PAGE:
For 300 years, The Pilgrim's Progress has remained perhaps the best-loved and most read of devotional fictions. In plain yet powerful and moving language, Bunyan tells the story of Christian's struggle to attain salvation and the Gates of Heaven. He must pass through the Slough of Despond, ward off the temptations of Vanity Fair, and fight the monstrous Apollyon. In Part II, his wife and children follow the same path, helped and protected by Great-heart, until for them, too, "the trumpets sound on the other side."
"Two books in one! Terrific narration!"
A gripping collection of stories of human criminality at its most bizarre.
These unusual, sensational murders recall not only gruesome historical crimes, but also touch on shocking and macabre modern murders. Included are details of groundbreaking advances in crime detection, law enforcement, and forensic science. This is the top-secret report on the most grisly, and unusual, criminal activity of our time.
"True Crime for the Beach or Vacation Reader"
Hailed as one of the world's supreme masterpieces on the subject of death and dying, The Death of Ivan Ilyich is the story of a worldly careerist, a high court judge who has never given the inevitability of his death so much as a passing thought. But one day death announces itself to him, and to his shocked surprise he is brought face to face with his own mortality. How, Tolstoy asks, does an unreflective man confront his one and only moment of truth?
Barchester Towers, the sequel to The Warden, is the second novel in Trollope's major series, the Chronicles of Barsetshire. It focuses on the power struggle between Archdeacon Grantly, Mr. Slope and the Proudies as they fight for control of the diocese of Barchester. Meanwhile, another struggle is taking place for the heart of Eleanor Bold. Who will win her? The vile Mr. Slope, the idling Bertie Stanhope or someone else entirely?
"Gentle comedy, good company"
Young, attractive and wealthy, Alice Vavasor is a woman in the prime of her life. And yet one question torments her: "What should a woman do with her life?" Torn between the kind but dull Mr. Grey and her dangerous and exciting cousin George, she is prone to constant indecision and uncertainty, much to the detriment of Mr. Grey. Can You Forgive Her? is a crisp and engaging novel, brimming with romance, humor, and pathos. It is the first of six in Trollope's celebrated Palliser series.
The Way We Live Now is a complex and compulsive tale that traces the career of Augustus Melmotte, a strange and mysterious financier who bursts into London society like a guided missile. In setting up a dubious scheme based on speculative money and stock market gambles, Melmotte manages to lure in several members of the English aristocracy, for whom money is the summum bonum. The world is at his feet - until the corruption catches up with him.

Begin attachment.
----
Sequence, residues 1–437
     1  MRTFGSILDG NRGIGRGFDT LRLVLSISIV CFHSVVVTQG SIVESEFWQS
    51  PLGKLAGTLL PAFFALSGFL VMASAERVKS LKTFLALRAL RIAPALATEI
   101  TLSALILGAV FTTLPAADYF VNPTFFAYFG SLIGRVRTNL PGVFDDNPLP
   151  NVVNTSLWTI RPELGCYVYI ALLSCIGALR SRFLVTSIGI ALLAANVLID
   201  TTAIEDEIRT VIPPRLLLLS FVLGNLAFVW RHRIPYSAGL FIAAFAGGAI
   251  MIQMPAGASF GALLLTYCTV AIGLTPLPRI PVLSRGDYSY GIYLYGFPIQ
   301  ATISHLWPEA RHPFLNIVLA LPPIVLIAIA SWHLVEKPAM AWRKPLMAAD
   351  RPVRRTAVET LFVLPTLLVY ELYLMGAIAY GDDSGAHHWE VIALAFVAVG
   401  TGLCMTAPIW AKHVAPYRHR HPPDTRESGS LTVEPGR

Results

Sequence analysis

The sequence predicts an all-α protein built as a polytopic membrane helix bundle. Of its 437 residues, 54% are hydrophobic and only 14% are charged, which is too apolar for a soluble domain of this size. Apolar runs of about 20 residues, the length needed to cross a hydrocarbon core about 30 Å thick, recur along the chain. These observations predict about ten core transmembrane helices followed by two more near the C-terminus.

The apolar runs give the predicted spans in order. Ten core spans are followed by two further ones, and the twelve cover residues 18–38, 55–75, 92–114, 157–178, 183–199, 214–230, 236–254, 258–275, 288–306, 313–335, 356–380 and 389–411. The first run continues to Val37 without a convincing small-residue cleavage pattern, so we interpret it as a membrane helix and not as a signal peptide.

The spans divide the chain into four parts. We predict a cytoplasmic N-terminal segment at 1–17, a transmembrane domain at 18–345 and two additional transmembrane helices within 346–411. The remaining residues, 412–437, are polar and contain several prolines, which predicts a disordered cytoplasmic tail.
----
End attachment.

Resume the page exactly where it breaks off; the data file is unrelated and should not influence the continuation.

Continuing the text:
"Fun, but no heroes here"
Poetry can capture the imagination in a few short lines but narrative verse or poetry takes the form of telling a story whether it be simple or complex in a longer form. Among the most ancient forms of poetry it has widespread roots through almost every culture. In Volume 1 we bring you 'The Ballad of Reading Gaol' - Oscar Wilde; 'The Highwayman' - Alfred Noyes; and 'The Rime of the Ancient Mariner' - Samuel Taylor Coleridge.
In The Last Chronicle of Barset, Trollope concludes his saga of ecclesiastical life. At the heart of the novel is the plight of Josiah Crawley, a proud, impoverished clergyman who faces difficult legal circumstances. Caught amid poverty, Josiah appears to have stolen a check and is forced to stand trial - despite the fact that he cannot remember its origins. To make matters worse, his daughter, Grace, desperately seeks the approval of Archdeacon Grantly, whose son she intends to marry.
The great explorers were the celebrities of their day - the romance and danger of their daring expeditions captured the public imagination and the world's headlines to an extraordinary degree. Not all of them lived to tell the tale, of course, but those who emerged triumphant from jungle, desert, or polar wasteland were hailed as if returning from beyond the grave. Journalists vied for their stories and publishers rushed their firsthand accounts of exciting and dangerous journeys into print for a wide and voracious readership.
The fifth novel in the Chronicles of Barsetshire, The Small House at Allington, concerns the lives of the two Dale girls, Lily and Bell, who live at the Small House. While Bell is in love with the local doctor James Crofts, Lily is pursued by two men: the worldly, rich and handsome Adolphus Crosbie and the poor but honest Johnny Eames. With each determined to gain her hand in marriage, who will she choose?